The structure of the building has a basement and four floors above the ground level. The basement is no longer approachable. Ground and the first floor encompass the whole area with courtyard in the center, while the third floor is partially crumbled and the fourth storey stands in the north-western corner and is called Rang Mahal. The third and fourth storey rooms are designed in the style of Mughal hawa mahals which were used to be at the top of the royal buildings where fresh breeze could be enjoyed and at the same time a view of the surroundings could be relished while maintaining the privacy. These rooms of Naunihal Singh’s Haveli served these purposes very well. The rooms were used for entertainment and relaxation most probably for women because of the high perforated walls used for parda/ privacy purposes.
The interior of the Haveli has over forty rooms and a huge courtyard in the center, with most elements of its original ornamentation preserved on the two main elevations and the interior courtyard facades.The interior courtyard facades are painted with frescoes of flowers, fruits and birds.
Fresco details of birds
Fresco details of fruits
In one of the classrooms of the Second Floor there is marble plaque of a former principal of Victoria school Miss Manorama Bose.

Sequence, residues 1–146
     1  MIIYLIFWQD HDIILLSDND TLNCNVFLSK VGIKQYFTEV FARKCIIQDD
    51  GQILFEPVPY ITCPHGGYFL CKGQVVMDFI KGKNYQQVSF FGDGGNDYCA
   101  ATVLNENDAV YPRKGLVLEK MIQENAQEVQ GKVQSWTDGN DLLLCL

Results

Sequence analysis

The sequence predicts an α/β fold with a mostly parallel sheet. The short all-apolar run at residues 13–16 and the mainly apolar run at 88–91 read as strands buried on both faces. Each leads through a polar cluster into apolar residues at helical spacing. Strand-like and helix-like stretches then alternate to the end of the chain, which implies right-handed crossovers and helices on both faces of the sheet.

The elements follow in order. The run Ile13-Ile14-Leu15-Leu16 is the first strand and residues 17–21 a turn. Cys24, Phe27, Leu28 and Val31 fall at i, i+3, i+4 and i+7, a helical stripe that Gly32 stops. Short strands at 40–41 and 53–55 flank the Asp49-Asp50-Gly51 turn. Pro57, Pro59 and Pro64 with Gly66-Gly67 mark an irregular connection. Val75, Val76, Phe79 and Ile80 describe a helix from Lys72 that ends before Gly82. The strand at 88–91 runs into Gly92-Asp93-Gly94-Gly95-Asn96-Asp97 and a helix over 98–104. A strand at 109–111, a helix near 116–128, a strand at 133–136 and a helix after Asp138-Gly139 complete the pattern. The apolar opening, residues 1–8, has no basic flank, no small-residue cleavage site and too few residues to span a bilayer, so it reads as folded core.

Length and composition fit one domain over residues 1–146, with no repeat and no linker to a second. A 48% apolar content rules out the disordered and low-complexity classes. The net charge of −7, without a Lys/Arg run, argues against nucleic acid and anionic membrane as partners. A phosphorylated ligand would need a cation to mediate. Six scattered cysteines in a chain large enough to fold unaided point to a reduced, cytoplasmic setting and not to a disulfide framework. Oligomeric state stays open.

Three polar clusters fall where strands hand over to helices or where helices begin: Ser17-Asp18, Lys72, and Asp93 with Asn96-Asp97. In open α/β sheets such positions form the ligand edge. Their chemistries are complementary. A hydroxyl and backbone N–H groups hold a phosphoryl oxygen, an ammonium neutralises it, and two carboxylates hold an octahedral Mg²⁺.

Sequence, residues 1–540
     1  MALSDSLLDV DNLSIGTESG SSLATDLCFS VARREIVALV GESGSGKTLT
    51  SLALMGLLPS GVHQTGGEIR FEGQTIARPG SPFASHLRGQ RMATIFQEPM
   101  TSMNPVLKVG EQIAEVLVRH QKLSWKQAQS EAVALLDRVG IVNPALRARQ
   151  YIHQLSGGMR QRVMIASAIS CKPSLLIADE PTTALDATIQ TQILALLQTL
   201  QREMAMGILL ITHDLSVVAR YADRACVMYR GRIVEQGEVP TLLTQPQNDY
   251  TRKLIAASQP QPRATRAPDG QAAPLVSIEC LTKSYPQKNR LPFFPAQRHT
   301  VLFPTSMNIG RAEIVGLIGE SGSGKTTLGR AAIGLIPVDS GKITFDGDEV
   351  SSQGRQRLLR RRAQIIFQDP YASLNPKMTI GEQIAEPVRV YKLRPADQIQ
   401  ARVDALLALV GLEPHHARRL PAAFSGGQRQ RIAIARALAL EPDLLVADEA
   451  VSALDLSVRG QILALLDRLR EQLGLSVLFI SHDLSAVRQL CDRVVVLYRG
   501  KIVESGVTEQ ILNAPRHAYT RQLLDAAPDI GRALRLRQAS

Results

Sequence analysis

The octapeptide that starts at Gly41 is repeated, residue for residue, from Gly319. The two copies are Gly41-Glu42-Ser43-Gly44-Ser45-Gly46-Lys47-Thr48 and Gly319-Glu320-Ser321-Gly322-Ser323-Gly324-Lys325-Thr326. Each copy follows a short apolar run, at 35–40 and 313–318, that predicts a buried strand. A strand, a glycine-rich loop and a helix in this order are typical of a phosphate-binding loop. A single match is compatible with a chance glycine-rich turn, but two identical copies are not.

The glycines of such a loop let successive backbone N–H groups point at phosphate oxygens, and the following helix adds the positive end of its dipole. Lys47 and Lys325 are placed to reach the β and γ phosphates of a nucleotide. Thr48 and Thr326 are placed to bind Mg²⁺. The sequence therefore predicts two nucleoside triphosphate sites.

The rooms around the courtyard are simple with wooden girder ceilings. The frescoes if there were any are not there anymore. Tthe walls have blind arches. These rooms serve as class rooms now.
The third and fourth storey rooms of Haveli are located on the corners of the roof. They still have the original wooden ceilings made of geometrical patterns and each one is fitted with a small mirror in the center. The rooms have windows and ventilators and balconies which are fitted with perforated jail work for light and privacy. There are blind arches in between the windows and ventilators which had miniature paintings in them but now most of them no longer exist.
The better preserved feature of this Haveli is the ‘rang-mahal’, a small picture gallery on the top floor. The ceiling of this room is wooden with geometrical patterns and a mirror in the center. And the walls of the room are divided in small niche kind of blind arches which are painted with miniature paintings. The paintings depict scenes from Mughal time, Sikh time and also Hindu religious themes of Krishna, Radha and Gopis.
All the frescoes of the miniature paintings in the room are shown below
According to my observation the original miniatures do not exists anymore and copies of famous miniatures are made in these niches in order to revive the colorful ambiance of the room during its conservation. Because in buildings made during Sikh era we find frescoes depicting Sikh life styles and their style of miniature paintings but the themes that we see in this room now are totally different. Some are of Mughal emperors and their wives and women while some are of Hindu mythology of Krishna and Radha romance and gopis.
The rest of the building has lost most of the interior surface ornamentation due to its heavy use as a school building for over a hundred years. But still This Haveli surrounded by densely populated residential area stands in the center of it all like a beautiful colored flower in its full spring blossom.